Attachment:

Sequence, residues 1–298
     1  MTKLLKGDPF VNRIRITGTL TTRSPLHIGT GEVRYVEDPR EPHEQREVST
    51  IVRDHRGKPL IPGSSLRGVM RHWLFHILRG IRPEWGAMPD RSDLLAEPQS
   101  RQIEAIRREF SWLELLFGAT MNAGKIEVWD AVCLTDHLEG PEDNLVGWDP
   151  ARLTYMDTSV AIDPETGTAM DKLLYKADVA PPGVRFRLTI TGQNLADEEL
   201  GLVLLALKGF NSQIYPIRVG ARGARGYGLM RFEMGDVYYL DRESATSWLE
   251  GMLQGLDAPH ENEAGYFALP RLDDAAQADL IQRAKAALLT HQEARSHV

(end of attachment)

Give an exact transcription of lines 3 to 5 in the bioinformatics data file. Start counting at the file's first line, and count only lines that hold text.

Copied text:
    51  IVRDHRGKPL IPGSSLRGVM RHWLFHILRG IRPEWGAMPD RSDLLAEPQS
   101  RQIEAIRREF SWLELLFGAT MNAGKIEVWD AVCLTDHLEG PEDNLVGWDP
   151  ARLTYMDTSV AIDPETGTAM DKLLYKADVA PPGVRFRLTI TGQNLADEEL